Considered to be one of the most important photographs ever taken, this audio is from the Apollo 8 mission in which William Anders captured the Earth rising above the moon. The photo has come to be called “Earthrise.”
Astronauts may be fascinating people, but they sure don’t show it. In the recording, Anders can be heard asking for a roll of color film:
Oh my God! Look at that picture over there! There’s the Earth coming up. Wow, is that pretty.
Still, the surprise can be heard in is words. The awkward pausing between phrases, suggesting a sort of disorientation. We’ve all seen something so “breathtaking.”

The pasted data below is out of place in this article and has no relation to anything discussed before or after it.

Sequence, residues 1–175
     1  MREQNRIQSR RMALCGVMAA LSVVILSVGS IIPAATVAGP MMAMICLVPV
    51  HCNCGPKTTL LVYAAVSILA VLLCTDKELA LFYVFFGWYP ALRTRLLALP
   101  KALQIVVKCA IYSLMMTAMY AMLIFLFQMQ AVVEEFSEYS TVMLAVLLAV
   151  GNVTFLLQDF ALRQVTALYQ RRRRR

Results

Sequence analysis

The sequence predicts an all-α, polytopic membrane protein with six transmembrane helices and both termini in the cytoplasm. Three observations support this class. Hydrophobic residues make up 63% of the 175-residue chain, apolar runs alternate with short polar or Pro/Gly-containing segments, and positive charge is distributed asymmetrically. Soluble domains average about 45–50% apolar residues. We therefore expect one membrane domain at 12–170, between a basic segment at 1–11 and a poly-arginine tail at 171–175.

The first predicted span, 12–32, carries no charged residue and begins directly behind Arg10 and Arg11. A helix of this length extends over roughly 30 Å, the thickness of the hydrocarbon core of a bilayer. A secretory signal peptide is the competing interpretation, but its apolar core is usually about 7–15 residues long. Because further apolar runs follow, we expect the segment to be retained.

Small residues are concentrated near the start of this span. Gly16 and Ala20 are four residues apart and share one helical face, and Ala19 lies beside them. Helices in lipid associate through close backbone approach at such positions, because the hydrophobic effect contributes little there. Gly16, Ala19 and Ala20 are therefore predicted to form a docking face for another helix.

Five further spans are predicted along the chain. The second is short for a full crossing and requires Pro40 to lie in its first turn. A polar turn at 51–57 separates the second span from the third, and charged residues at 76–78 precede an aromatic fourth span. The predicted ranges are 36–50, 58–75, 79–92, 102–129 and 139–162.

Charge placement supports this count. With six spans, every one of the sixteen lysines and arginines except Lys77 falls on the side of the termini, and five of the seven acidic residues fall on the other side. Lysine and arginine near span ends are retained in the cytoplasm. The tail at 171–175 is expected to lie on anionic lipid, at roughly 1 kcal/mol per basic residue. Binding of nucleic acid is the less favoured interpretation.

Anders says “the Earth,” — “Look at that picture over there! There’s the Earth coming up.”
Not “Earth.” The Earth. As if there were only one. Anders can’t be blamed. It’s the only one he ever knew.
It reminds me of an early chapter in Carl Sagan’s Pale Blue Dot called “The Great Demotions” in which Sagan details the decline of geocentric arrogance over the period of a few hundred years — Look at this blue ball rotating over the moon; that’s where we’re from, and would so much like to come home safely to. Who can say they’ve seen their home planet from such a distance? No one has ever been further from home than an astronaut.